Afterward, these lesions develop on hands and feet as small vesicles of approximately 3—7 mm in diameter. These symptoms can be accompanied by general malaise, poor appetite, sore throat, cold symptoms, cough, diarrhoea, vomiting and adenopathies. The fever usually lasts 3—4 days; the mouth sores about 7 days; and the lesions on palms and soles about 10 days.
If the vesicles in the mouth rupture, they can give rise to painful sores similar to aphthae. The patient may have difficulty eating if the lesions are plentiful, large, or depending on their location. The disease is benign and its complications rare, the most common being the shedding of the nails of the fingers and toes, especially in children, between 4 and 8 weeks after the onset of symptoms.
Presentation of lesions in hand, foot and mouth disease. Presentation of onychomadesis in hand, foot and mouth disease. The disease is caused by viruses in the Enteroviridae family, with the highest prevalence corresponding to Coxsackievirus A16 the most frequent cause and Enterovirus 71 which causes the highest morbidity and mortality. The disease usually appears in outbreaks during the summer or autumn, affecting young children of 6 months to 4 years of age.
The incubation period lasts 4—6 days. Its epidemic nature results from the ease with which enteroviruses are transmitted from person to person through direct contact, the air, and especially through the faecal-oral route. Transmission prevention is complicated by the large number of asymptomatic infections and the biological characteristics of enteroviruses, as infected patients secrete viral particles in their stool for weeks.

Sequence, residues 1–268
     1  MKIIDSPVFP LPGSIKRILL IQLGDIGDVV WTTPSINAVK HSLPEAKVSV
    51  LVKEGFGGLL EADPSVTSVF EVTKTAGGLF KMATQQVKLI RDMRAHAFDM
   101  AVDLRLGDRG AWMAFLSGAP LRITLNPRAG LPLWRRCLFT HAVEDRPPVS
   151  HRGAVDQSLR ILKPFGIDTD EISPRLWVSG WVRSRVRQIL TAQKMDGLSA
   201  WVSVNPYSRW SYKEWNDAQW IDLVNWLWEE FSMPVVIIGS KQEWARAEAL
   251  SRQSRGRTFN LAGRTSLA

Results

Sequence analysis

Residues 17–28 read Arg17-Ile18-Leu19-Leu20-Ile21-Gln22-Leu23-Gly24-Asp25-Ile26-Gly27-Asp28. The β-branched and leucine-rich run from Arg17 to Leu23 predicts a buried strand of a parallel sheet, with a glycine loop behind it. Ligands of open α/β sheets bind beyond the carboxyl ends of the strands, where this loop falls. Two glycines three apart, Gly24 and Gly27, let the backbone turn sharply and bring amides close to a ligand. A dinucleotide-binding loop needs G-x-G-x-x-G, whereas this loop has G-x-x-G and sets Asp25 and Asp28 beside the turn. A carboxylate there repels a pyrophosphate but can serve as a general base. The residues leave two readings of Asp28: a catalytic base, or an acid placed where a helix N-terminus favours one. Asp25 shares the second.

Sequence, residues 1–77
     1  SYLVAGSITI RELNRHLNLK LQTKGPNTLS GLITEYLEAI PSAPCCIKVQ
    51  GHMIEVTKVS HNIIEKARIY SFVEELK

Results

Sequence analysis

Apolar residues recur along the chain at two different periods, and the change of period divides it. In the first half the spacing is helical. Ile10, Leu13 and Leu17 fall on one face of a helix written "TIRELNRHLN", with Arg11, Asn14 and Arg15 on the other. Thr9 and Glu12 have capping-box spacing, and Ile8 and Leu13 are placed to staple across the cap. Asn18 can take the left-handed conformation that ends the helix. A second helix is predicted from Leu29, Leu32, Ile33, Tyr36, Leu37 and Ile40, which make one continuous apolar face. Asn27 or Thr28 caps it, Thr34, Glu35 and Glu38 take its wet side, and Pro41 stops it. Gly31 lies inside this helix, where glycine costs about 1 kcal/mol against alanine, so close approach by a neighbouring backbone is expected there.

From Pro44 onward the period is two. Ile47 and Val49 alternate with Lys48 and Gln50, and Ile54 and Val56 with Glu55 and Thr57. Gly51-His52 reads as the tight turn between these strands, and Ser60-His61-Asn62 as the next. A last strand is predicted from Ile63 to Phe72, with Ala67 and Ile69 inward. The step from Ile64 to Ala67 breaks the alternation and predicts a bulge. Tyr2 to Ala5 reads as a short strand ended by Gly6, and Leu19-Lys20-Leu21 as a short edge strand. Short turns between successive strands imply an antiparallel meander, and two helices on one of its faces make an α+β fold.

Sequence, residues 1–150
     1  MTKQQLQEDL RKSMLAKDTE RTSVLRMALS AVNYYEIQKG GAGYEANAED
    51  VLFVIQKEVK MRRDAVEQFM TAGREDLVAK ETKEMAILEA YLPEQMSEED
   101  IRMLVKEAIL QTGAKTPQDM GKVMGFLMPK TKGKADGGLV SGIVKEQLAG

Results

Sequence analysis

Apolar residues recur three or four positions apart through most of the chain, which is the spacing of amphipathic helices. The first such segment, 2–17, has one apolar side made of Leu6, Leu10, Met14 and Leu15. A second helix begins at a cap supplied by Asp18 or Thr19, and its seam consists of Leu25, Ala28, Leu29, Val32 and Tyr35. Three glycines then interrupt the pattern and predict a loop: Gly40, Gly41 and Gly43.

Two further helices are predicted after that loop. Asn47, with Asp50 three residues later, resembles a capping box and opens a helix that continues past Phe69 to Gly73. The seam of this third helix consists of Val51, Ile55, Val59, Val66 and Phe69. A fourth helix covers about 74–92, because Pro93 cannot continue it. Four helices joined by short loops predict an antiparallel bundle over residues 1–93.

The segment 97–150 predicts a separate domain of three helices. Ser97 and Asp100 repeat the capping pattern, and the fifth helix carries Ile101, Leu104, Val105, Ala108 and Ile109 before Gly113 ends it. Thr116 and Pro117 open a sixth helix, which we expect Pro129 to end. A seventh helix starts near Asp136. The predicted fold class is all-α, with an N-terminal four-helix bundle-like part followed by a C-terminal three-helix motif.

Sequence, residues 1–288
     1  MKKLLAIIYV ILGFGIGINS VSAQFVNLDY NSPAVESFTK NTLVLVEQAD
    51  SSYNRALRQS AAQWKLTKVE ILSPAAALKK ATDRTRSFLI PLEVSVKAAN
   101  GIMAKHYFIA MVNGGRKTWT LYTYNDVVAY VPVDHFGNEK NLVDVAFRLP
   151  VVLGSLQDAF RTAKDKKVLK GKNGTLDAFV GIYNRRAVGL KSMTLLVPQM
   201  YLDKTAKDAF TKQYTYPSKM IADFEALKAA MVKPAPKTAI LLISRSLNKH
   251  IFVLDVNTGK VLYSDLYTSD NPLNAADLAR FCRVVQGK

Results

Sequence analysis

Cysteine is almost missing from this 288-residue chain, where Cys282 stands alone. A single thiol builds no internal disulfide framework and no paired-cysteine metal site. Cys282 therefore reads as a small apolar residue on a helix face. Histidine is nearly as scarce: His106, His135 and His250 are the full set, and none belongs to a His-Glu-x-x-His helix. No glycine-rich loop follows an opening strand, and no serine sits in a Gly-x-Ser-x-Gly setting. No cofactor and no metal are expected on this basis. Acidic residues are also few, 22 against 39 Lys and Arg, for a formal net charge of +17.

Hand, foot and mouth disease, and then onychomadesis as one of its complications, was first described in in 5 children in Chicago United States. In February , the paediatricians of the basic health area BHA of Peligros Granada reported a state of public alarm generated by the loss of nails in some preschool children following a cluster of HFMD cases that occurred in October and November of A document was released describing measures to prevent new cases.
A retrospective search of cases was performed, and data was collected on incident cases when patients sought care for this reason. In this framework, we proposed two hypotheses: an increase in the incidence of HFMD, and the development of post viral onychomadesis in the group of patients in the BHA that attended a childcare centre.
Consequently, our aim was to describe the outbreak of HFMD in the BHA of Peligros between September and February and to analyse the risk factors for contracting the disease and for developing onychomadesis as a complication. The study area consisted of the towns of Peligros and Pulianas in Granada. The number of patients obtained from the Andalusia user database for this age range was We designed a case—control study to analyse the risk factors for acquiring the disease.